(NewsNation) — The manhunt for an escaped Alabama inmate and a corrections officer has finally come to an end, and their capture is thanks in part to a man who works at an Indiana car wash and tipped off investigators.
James Stinson noticed a suspicious truck at his car wash in Evansville, Indiana, sticking out of one of the bays last Tuesday.
“I noticed the car hanging out of the bay, which was unusual. It kept sitting there … Every time I left and came back, the truck was still there,” Stinson said.
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He alerted authorities about the unusual sighting on Wednesday.
“I walked up to the truck and went, ‘Oh my God, it’s probably this guy from Alabama.’ I walked and looked in the truck because I think he could be dead, passed out, who knows? So I backed up. I opened the door, the keys are in it. I start it up. I Googled the local police department’s number because I didn’t want to call 911.
“They send a cop out. The cop says, ‘Well there ain’t nothing I can do. It’s not reported stolen.’ He ran the plates. Then he left and came back. He looked in it again. He found a gun lock in the seat and said, ‘Oh my God, there’s a gun lock but there ain’t no guns around.’ So he left. He just said, ‘Do what you’ve got to do.’ I towed it,” Stinson said.
Stinson decided to have the car towed Wednesday. Sunday, he ended up being contacted by the U.S. Marshals Service about the truck, which is when he checked his surveillance footage to find a man matching Casey White’s description behind the truck at the car wash. He says officers told him they had authorities on their way, but that they didn’t show up until Monday morning.
Fast forward to Monday afternoon, when authorities in Evansville tracked the duo to a hotel. They took off, and the chase was on, with U.S. Marshals and the Vanderburgh County Sheriff’s Office in pursuit of the Alabama fugitives; the chase ended in a rollover crash with both suspects in custody.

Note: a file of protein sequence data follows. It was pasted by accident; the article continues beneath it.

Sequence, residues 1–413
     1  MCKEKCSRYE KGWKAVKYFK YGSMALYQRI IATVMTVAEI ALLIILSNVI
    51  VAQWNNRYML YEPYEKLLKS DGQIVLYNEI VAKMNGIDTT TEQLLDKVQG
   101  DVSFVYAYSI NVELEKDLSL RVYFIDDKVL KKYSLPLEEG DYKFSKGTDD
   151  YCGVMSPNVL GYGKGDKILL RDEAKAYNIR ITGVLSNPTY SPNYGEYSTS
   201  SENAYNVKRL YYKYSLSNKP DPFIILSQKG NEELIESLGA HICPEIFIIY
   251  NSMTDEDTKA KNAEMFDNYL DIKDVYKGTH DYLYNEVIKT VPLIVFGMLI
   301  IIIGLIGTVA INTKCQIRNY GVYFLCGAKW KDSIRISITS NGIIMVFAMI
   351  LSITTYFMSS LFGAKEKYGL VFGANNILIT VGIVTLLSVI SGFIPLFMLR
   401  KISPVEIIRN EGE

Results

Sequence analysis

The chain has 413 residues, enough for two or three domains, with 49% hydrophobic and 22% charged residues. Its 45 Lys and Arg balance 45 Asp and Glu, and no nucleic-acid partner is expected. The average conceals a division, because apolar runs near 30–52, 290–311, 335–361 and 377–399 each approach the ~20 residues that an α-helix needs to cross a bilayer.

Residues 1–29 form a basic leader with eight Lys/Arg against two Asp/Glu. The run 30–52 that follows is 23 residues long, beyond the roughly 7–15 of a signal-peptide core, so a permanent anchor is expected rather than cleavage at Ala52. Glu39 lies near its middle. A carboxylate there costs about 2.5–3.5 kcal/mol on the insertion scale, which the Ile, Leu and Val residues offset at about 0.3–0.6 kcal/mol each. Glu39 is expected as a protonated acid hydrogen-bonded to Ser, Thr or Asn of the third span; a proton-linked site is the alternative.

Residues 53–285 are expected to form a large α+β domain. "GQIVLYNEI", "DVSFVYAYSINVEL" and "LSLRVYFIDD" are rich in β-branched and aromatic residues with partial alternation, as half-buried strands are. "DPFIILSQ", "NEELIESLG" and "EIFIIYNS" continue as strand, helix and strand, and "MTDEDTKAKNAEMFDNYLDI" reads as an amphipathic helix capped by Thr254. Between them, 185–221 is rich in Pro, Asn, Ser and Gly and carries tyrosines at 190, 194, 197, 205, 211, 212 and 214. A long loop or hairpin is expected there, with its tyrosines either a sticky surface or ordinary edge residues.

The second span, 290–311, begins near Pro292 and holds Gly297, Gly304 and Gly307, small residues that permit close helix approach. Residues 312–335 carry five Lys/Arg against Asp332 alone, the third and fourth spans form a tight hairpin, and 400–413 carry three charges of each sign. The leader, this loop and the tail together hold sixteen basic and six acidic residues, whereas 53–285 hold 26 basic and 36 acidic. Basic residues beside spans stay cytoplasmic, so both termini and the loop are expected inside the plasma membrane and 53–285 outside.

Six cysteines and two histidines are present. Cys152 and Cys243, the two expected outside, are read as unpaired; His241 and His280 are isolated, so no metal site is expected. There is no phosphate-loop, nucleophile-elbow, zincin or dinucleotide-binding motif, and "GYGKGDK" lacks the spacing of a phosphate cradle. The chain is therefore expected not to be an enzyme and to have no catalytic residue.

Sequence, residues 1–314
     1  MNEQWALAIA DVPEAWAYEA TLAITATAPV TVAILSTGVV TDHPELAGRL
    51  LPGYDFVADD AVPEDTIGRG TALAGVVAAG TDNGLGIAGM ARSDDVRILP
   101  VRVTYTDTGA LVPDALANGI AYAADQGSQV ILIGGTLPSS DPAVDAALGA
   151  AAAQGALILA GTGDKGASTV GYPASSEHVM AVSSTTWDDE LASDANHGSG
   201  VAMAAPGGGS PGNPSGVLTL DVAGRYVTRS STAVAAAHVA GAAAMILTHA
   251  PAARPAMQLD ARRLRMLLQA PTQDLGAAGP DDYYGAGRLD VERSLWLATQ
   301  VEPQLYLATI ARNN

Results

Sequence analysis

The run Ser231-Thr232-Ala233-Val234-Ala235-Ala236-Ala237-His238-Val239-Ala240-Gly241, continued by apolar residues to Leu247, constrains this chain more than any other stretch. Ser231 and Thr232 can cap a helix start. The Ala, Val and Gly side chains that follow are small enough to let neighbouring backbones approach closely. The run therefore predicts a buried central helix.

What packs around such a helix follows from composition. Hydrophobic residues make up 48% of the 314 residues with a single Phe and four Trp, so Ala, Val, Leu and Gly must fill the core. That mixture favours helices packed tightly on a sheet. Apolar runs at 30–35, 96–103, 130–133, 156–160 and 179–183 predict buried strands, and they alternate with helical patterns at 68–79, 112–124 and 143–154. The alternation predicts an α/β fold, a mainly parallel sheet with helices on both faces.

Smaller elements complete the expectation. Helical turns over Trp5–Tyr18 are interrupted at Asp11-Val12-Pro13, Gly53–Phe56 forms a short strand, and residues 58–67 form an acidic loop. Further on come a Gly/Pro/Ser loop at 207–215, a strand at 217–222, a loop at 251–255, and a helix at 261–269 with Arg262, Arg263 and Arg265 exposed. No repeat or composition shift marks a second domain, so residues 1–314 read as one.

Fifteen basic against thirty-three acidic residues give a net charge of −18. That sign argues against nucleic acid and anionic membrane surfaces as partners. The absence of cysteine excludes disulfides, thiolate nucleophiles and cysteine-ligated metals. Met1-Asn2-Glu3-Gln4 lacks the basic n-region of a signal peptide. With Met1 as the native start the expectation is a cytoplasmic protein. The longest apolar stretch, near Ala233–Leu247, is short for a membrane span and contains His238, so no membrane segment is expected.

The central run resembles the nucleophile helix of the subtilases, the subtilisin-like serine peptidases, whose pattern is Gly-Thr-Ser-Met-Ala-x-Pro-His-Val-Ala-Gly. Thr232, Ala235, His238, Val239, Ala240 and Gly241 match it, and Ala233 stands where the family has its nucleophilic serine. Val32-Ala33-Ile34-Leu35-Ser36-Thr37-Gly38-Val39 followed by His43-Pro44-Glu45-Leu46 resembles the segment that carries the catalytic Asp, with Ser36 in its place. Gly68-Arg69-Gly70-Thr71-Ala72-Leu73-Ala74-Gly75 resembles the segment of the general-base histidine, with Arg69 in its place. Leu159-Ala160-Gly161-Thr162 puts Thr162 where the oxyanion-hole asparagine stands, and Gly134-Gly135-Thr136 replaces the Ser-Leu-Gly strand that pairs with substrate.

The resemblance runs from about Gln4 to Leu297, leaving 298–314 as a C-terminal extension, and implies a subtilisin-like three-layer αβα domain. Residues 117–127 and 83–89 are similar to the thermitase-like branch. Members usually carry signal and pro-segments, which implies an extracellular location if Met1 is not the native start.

“I’m just glad it’s over and nobody got hurt. I was more concerned about one person trying to confront them. It took a team, and I’m glad it ended this way,” Stinson said.
“This guy has nothing to live for; he’s dangerous. Any one of us could’ve said something wrong and he’d have went off. I could’ve got on him for leaving the car in the wash bay, but I chose not to.”
Stinson says the important message is if you see something, say something. It’s that message — and his action behind it — that Lauderdale County Sheriff Rick Singleton could not be more thankful for.
“Thank you, James. You are a key player in getting a violent criminal off the streets. In cases like this, it’s often our citizens who solve them for us,” Singleton said.
Casey White and Vicky White had been on the run since April 29 after authorities say Vicky White helped Casey White escape the Lauderdale County Detention Center in Florence, Alabama. Investigators followed the breadcrumbs north from Alabama to Tennessee and eventually Indiana.
At the time of Casey White’s escape, he was charged with capital murder for a deadly stabbing and was already serving a 75-year sentence for a 2015 crime spree that involved a home invasion, carjacking, and police chase.
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Vicky White has died after authorities say she suffered a self-inflicted gunshot wound. Her autopsy will be performed on Tuesday.
The U.S. Marshals Service had previously been offering $15,000 for information leading to the capture of Casey White and $10,000 for information leading to the capture of Vicky White. It’s unclear if Stinson will be receiving the reward money.